Supressing herpes doesn't lessen HIV susceptibility

One of those cases of a great theory gone sour. Stats indicate that those with herpes simplex II (genital herpes) run a doubly higher risk of acquiring HIV (the AIDS virus). Scientists ran a study in both Peru and Africa wherein they used acyclovir to suppress the occurrences of HSV-2 in sexually active adults in the hope of finding a concurrent reduction in the number of those who developed HIV. Sadly, although acyclovir did reduce occurrence of genital disease outbreaks, it had no relationship whatever to who did or didn’t get HIV.

Researchers had hoped they’d found an important key to HIV-prevention and were very disappointed. But perhaps the most surprising statement came from Connie Celium, MD when she reported on the study at the Conference on Retroviruses and Opportunistic Infections:

“…one in four people in the U.S. has genital herpes and 99% don’t know it. Had the acyclovir worked, she said, ‘we had hoped this would be something we could apply today to drive down the susceptibility to HIV infection.'”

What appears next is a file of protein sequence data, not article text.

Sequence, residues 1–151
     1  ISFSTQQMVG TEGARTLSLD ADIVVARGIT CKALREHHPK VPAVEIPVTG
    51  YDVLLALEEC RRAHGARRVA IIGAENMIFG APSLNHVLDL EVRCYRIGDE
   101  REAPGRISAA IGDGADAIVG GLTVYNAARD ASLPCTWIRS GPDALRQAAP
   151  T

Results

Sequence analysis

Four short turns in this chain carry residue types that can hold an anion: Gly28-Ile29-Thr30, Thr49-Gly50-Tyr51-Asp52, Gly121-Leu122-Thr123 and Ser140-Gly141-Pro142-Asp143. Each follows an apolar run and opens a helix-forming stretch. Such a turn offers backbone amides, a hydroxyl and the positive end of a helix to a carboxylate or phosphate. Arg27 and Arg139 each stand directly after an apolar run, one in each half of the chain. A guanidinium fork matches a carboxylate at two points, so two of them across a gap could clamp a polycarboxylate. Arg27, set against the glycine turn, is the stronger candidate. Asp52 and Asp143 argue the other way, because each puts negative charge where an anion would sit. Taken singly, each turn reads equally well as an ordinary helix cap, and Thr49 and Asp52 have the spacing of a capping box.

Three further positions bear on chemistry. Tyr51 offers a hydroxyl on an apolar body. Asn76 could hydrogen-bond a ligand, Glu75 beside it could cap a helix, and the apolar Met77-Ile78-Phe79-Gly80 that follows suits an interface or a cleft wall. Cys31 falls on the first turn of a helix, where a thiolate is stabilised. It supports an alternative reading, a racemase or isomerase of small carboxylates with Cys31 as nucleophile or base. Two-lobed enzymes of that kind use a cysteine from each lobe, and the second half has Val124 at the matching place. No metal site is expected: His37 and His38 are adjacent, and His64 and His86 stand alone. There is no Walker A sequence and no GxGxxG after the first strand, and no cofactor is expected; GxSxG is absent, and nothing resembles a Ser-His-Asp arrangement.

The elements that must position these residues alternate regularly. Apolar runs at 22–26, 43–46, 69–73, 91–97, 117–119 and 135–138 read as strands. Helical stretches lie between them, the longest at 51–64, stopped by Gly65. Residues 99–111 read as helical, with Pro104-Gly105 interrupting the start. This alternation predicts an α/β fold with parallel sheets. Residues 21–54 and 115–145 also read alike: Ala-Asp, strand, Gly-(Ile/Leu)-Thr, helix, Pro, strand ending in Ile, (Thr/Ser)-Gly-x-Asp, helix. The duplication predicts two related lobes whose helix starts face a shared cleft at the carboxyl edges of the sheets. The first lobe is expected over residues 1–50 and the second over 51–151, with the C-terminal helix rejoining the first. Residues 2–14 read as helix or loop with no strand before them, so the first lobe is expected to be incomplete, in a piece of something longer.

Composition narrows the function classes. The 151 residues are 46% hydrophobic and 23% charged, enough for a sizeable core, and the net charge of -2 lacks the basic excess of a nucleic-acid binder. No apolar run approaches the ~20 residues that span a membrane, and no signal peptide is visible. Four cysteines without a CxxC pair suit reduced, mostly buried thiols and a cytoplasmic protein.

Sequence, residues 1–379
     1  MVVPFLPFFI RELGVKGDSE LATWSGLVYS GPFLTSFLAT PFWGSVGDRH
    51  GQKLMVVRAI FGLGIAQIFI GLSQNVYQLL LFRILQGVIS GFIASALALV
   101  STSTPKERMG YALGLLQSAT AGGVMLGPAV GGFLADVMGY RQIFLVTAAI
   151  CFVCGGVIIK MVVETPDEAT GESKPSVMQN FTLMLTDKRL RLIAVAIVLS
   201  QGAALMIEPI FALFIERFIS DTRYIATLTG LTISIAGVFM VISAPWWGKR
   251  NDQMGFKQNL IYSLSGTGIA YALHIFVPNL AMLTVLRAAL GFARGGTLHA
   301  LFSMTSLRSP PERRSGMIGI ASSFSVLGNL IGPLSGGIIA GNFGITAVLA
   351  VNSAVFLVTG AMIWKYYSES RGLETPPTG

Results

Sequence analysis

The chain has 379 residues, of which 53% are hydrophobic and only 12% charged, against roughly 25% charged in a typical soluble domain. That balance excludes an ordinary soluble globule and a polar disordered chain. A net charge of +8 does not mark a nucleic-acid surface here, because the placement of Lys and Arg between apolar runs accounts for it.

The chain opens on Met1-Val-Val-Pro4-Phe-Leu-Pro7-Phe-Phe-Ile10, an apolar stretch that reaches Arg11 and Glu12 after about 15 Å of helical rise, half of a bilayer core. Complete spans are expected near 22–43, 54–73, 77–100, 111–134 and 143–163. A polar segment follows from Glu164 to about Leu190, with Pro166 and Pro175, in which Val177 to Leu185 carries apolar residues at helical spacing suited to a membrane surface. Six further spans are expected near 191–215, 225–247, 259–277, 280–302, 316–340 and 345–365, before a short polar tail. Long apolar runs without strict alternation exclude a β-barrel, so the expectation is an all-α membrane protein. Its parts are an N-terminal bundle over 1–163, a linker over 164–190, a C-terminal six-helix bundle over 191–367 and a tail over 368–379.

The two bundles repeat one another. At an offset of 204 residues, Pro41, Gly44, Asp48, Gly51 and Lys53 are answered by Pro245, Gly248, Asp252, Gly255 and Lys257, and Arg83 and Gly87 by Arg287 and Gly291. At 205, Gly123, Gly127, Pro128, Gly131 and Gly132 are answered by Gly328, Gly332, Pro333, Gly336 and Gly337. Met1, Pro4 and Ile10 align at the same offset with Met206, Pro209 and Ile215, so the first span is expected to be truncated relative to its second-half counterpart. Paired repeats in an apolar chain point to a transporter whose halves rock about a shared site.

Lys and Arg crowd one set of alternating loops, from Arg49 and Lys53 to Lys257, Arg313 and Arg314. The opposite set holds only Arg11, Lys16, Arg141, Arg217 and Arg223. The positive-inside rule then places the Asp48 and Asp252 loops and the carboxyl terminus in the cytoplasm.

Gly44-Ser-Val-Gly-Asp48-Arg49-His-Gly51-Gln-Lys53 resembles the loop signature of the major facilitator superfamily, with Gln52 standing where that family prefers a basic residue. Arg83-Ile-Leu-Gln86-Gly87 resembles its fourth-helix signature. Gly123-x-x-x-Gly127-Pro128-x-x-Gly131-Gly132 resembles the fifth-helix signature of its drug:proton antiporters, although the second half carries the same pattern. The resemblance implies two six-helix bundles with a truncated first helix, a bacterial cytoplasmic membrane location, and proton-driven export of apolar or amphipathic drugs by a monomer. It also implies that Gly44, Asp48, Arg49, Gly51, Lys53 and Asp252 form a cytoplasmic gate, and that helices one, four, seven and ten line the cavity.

If 99% of people with serious gential disease are unaware of it, the chances of stemming the spread are pretty thin.

So I checked for more stats. Found that number confirmed and this information on the occurrence in the US and internationally of several types of herpes–all of which can be transmitted without any symptoms present. “More than one-third of the world’s population has recurrent clinical HSV infections.” That’s a lot of people potentially transmitting an STD. And there’s a lot of ignorance about an incurable disease.